Dear Ijeawele, or a Feminist Manifesto in Fifteen Suggestions by Chiminanda Ngozi Adichie is a short book full of smart ideas. I easily read it in under an hour. Adichie, author of both novels and other nonfiction about feminism, was asked by a friend how to raise a feminist daughter. This is her response.

The suggestions are solid ideas about raising children and being a parent, as well as pointing out how boys are raised differently than girls. I’m not sure that any of them are groundbreaking. But as a long-time feminist, I think each suggestion is important and well-expressed.

I especially appreciated Adichie’s writing about Feminism Lite, or the idea of conditional female equality. The idea that women are equal only because men benevolently grant us that position is as corrosive as misogyny. It’s a wolf hidden in sheep’s clothing. Adichie isn’t afraid to call Feminism Lite out, and gives great examples.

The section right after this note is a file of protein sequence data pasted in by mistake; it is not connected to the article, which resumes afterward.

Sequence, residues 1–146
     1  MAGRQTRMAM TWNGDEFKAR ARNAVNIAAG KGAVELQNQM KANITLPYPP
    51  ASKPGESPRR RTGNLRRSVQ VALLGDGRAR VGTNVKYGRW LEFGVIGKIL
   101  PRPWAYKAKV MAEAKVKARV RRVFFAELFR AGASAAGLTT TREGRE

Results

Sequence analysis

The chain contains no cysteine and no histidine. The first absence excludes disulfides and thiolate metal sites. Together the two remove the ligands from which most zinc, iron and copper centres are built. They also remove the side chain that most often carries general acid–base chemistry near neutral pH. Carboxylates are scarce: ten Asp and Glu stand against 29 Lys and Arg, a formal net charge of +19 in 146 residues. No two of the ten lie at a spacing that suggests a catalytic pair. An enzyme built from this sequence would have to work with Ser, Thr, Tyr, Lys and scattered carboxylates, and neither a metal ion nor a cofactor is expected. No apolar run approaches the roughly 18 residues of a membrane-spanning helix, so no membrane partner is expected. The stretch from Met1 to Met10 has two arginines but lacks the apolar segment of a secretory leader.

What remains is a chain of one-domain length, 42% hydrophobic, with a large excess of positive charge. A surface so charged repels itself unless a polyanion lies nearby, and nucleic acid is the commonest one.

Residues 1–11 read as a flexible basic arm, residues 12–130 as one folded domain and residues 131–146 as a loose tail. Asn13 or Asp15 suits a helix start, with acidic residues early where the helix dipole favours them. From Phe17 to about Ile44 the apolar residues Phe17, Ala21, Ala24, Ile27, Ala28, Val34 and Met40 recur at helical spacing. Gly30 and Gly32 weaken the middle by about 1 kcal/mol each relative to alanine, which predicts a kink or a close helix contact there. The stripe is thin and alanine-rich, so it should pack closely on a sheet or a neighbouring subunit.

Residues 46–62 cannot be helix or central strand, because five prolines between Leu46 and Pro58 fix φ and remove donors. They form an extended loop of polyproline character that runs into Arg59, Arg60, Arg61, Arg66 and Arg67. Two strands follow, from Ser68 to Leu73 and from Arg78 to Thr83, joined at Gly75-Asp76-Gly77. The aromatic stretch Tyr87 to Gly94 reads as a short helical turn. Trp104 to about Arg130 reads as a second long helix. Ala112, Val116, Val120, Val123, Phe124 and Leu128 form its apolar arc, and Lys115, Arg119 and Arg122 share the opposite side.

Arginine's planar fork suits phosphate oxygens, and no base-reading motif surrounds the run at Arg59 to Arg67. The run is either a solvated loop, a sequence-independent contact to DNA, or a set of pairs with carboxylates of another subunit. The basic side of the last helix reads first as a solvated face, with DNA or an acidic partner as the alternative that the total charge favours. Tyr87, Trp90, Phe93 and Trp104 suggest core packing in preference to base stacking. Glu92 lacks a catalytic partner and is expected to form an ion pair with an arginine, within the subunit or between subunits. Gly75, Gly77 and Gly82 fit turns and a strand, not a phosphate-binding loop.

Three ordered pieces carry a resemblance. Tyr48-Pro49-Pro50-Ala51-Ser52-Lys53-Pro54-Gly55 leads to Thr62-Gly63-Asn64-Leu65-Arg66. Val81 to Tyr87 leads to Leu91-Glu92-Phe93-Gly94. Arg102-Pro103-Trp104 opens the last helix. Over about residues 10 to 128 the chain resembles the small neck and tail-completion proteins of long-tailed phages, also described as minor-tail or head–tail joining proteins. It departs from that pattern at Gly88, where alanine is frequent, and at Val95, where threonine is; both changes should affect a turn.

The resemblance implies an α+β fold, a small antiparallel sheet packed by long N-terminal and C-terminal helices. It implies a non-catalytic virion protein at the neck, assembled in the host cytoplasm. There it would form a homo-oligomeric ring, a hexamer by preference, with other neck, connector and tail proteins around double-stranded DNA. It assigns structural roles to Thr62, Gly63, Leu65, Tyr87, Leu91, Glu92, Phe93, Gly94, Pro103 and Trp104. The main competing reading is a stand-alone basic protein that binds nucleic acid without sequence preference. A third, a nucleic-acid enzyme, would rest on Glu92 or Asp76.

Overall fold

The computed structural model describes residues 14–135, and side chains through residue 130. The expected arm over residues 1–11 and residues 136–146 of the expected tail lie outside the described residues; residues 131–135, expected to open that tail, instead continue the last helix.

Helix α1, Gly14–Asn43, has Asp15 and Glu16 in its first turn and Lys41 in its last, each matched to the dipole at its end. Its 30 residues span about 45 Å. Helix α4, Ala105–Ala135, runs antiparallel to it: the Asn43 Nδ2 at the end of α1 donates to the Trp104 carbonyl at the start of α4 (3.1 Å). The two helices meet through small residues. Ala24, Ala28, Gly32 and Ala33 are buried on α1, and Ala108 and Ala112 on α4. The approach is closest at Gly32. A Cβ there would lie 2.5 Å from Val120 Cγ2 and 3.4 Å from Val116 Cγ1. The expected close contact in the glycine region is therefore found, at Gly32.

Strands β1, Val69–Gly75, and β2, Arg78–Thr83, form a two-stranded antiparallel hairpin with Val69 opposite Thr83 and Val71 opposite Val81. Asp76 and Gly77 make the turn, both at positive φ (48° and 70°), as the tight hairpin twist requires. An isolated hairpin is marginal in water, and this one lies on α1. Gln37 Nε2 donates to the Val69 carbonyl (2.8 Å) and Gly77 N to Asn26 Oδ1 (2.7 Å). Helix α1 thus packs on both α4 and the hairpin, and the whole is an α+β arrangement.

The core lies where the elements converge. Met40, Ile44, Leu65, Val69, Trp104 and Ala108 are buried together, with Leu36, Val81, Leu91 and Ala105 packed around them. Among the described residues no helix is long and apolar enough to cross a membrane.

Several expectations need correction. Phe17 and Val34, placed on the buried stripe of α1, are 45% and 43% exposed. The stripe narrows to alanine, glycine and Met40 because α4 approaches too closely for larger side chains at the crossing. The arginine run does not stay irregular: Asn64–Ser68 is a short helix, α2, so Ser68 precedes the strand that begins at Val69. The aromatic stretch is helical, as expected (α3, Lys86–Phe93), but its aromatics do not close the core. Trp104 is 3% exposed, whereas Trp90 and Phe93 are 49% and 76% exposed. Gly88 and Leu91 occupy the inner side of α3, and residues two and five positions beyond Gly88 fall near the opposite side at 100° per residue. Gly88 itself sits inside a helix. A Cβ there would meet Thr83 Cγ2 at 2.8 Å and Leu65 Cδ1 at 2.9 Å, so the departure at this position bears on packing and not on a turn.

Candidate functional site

While reading I found myself thinking about buying copies for a few people who are parenting girls, especially my granddaughters. If I bought this book for someone whose child was older than an infant, would they find it helpful? Or would they just think I was pointing out their failings? I know for sure I’d buy this book for my 15-year-old granddaughter. She’s well on her way to being a strong, independent thinking young woman. But a little reminder here and there feels like a grandmother’s role, right?

Dear Ijeawele is exactly what it’s titled – a manifesto. I heartily recommend it.